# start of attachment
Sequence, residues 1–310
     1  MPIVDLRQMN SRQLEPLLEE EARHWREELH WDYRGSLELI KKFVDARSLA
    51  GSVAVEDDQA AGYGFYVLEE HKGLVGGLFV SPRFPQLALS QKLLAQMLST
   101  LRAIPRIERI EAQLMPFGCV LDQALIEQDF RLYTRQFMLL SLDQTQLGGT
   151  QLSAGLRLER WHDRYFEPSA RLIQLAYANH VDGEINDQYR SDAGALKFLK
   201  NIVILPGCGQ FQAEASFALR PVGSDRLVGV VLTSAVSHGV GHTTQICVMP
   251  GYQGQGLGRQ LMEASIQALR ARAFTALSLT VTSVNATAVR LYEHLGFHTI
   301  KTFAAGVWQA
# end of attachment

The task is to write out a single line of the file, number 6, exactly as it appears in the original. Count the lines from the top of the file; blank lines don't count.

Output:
   201  NIVILPGCGQ FQAEASFALR PVGSDRLVGV VLTSAVSHGV GHTTQICVMP